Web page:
Hendricks said “We know that children form opinions about eating foods according to what they have been exposed to and what is made readily available. It is important for young children to understand that our food source comes directly from nature and a farm, not from just a carton off a store shelf.”
The “Mystery Muffins” lesson Hendricks developed involved wheat growing experiments, comparing flours, wheat germ, oats and flax seed and ingredients to make nutrient rich muffins. Students made muffins using beets, zucchini, sweet potatoes, peas and carrots and then sampled the mystery muffins to guess the mystery vegetable that was
Each year the HBA has recognized outstanding educators with innovative programs for teaching kids of all ages to bake in communities and classrooms throughout the nation. Family and consumer science educators and youth leaders for 4-H, Boys and Girls Clubs, Camp Fire USA and other after-school or community programs are encouraged to share their successful baking programs.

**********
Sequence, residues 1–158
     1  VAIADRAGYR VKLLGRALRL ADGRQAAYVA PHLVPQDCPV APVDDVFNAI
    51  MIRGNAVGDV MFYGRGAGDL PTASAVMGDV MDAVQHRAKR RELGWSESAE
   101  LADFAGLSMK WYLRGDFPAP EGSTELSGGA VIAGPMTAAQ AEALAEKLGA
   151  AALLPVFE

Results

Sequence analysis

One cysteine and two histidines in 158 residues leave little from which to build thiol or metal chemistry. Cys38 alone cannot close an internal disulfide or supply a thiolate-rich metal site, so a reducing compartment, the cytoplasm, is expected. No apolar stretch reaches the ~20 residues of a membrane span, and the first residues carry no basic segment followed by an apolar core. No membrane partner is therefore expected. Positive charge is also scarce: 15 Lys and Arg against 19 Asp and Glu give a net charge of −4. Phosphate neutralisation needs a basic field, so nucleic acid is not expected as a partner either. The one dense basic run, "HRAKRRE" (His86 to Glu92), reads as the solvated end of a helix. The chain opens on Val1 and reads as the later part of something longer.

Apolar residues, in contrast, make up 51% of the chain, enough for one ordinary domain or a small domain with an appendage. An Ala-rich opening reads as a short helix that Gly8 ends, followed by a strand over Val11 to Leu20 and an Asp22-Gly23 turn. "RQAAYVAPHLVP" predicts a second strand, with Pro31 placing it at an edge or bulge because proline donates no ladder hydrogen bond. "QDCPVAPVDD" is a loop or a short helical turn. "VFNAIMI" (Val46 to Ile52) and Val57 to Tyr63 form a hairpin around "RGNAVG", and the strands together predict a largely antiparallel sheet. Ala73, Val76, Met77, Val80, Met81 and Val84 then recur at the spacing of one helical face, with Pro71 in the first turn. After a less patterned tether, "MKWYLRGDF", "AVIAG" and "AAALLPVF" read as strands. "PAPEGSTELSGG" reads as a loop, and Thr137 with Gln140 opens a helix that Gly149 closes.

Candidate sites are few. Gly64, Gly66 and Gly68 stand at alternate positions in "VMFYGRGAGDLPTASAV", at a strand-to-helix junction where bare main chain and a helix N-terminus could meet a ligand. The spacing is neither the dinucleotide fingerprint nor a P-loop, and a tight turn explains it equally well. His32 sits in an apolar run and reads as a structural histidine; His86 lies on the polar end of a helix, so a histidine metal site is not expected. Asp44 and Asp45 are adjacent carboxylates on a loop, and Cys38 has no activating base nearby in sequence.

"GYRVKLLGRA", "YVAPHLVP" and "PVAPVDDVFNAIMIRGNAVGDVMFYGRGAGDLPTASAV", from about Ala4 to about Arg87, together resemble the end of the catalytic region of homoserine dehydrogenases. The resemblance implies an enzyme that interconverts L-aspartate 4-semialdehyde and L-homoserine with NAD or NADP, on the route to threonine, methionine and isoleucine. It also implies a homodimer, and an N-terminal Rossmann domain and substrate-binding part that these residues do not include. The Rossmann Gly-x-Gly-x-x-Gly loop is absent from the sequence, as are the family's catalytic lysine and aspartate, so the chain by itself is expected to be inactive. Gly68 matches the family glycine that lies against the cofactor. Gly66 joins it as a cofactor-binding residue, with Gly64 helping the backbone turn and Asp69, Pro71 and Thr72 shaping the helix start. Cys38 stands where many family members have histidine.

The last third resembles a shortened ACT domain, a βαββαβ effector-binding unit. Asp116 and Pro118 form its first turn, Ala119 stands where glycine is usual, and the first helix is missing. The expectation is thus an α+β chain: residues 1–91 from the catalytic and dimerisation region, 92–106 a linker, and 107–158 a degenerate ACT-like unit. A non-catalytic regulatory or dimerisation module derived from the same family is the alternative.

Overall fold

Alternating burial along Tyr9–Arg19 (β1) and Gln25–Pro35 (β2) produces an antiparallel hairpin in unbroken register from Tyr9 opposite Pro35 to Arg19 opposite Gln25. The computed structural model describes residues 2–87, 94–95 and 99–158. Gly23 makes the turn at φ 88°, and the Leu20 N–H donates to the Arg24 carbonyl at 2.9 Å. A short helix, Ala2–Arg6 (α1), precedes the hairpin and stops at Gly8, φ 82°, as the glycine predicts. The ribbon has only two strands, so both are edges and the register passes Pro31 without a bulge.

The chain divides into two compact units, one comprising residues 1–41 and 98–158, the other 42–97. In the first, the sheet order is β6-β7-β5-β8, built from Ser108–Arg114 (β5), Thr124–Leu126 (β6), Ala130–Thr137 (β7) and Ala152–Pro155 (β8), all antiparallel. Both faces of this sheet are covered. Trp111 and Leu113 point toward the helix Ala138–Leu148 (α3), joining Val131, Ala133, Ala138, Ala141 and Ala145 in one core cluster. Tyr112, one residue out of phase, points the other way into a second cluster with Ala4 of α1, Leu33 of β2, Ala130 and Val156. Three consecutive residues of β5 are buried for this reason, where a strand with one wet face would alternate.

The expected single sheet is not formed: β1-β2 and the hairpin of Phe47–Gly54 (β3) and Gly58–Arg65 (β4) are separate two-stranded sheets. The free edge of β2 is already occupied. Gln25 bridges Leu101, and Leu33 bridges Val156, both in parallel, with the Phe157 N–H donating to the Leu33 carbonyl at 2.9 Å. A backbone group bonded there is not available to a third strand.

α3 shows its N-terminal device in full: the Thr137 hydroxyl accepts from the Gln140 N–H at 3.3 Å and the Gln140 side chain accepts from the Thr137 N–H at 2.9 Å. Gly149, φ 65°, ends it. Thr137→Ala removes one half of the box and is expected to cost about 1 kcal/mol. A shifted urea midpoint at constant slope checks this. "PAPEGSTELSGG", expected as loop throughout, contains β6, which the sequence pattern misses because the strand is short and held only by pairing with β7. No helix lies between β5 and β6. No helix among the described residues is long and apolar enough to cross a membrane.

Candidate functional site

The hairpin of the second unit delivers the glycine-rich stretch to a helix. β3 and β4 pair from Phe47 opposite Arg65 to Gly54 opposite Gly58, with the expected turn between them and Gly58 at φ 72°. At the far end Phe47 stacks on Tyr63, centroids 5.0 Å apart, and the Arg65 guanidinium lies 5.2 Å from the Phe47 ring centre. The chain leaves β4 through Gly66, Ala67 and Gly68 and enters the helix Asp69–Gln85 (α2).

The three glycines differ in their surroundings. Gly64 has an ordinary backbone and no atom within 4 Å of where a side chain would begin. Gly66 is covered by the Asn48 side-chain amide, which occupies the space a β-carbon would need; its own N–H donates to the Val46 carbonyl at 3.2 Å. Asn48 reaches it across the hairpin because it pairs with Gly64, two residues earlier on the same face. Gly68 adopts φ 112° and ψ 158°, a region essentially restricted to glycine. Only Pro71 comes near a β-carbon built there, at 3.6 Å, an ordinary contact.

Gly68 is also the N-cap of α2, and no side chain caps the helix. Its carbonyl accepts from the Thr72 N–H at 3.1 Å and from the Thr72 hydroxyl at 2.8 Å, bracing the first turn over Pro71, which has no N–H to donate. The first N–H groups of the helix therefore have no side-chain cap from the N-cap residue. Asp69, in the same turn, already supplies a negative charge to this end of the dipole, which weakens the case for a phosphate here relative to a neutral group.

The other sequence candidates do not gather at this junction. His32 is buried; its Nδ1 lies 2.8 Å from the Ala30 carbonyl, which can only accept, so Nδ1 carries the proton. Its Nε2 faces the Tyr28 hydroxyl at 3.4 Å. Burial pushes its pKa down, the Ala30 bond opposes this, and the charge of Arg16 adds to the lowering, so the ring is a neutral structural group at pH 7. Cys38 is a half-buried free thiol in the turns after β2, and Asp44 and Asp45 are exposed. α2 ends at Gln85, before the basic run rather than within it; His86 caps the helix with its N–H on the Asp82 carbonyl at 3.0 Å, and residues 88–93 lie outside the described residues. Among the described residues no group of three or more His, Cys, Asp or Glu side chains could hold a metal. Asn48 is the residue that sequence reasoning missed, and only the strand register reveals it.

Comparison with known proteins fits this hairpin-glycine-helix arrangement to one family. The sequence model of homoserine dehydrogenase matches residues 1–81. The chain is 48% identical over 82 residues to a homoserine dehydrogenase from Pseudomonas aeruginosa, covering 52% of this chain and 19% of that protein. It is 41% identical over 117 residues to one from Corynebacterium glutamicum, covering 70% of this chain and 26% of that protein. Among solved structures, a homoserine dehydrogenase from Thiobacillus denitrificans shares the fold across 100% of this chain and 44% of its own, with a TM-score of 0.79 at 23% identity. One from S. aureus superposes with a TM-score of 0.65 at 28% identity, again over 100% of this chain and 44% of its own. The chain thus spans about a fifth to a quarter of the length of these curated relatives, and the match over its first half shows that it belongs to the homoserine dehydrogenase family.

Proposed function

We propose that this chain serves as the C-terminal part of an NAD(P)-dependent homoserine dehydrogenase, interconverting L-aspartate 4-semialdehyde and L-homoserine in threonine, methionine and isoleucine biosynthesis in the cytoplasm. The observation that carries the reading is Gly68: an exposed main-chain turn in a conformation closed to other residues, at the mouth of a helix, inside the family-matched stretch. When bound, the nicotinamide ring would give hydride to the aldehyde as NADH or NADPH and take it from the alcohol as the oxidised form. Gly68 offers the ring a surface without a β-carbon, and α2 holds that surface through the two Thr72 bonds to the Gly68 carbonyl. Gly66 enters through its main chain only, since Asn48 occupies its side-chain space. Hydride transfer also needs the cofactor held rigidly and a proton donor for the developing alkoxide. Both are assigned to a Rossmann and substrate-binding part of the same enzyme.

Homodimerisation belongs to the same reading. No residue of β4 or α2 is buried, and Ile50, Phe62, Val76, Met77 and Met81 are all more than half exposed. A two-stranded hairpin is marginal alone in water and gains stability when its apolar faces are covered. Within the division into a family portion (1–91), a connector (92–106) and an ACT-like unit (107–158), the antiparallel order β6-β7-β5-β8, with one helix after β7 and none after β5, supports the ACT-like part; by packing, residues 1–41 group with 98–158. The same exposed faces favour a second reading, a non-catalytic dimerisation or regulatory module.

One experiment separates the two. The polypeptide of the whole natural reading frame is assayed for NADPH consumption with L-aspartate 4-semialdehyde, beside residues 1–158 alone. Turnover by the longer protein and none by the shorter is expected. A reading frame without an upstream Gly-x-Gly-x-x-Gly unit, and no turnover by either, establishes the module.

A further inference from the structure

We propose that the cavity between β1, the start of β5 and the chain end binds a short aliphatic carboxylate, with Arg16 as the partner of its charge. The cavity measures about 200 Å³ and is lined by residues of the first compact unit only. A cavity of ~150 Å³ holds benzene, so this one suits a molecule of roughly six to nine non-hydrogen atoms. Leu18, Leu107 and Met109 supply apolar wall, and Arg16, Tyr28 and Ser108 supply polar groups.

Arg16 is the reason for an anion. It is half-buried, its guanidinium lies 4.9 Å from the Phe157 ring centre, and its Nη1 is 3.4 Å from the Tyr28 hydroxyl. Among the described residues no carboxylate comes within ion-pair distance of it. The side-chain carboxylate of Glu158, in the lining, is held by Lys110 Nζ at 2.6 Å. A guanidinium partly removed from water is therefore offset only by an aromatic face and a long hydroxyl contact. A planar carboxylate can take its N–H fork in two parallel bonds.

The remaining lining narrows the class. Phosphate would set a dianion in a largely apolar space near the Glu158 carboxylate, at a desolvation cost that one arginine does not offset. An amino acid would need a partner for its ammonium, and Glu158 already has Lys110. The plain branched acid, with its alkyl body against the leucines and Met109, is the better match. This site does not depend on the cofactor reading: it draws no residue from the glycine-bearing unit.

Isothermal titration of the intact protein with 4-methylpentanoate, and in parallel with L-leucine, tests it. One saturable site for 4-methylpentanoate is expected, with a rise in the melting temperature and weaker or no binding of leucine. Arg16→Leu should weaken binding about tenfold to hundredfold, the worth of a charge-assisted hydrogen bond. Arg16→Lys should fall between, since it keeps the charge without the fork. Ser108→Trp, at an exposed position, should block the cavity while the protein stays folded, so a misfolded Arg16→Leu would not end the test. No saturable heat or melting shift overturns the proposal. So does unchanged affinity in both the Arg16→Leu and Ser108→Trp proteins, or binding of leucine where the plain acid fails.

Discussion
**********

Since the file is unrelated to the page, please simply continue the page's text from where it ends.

Charlene Patton, Executive Director Home Baking Association, says the association believes baking plays an important role in the development of healthy children that are socially and academically well-rounded. Baking provides an opportunity to share family time and a joy of baking for others while learning life skills.
Math, science experiences, comparison shopping, examining the reaction of baking ingredients are all aspects of the baking process.
Other awards named: “Best Community Reach” was awarded to Amy Peterson, MS RD, University of Nebraska-Lincoln Extension, Osceola, Nebraska with “Clover Kitchen for Kids! “. “Most Creative” was awarded to Carla Schaer, Family and Consumer Sciences teacher, Sparland, IL with “Creative Pizza” entry. Entry information for the 2013 Educator Award Contest will be announced in August at www.homebaking.org.
The Home Baking Association is a national, nonprofit trade association and supports the development of baking educational materials for educators. Thirty-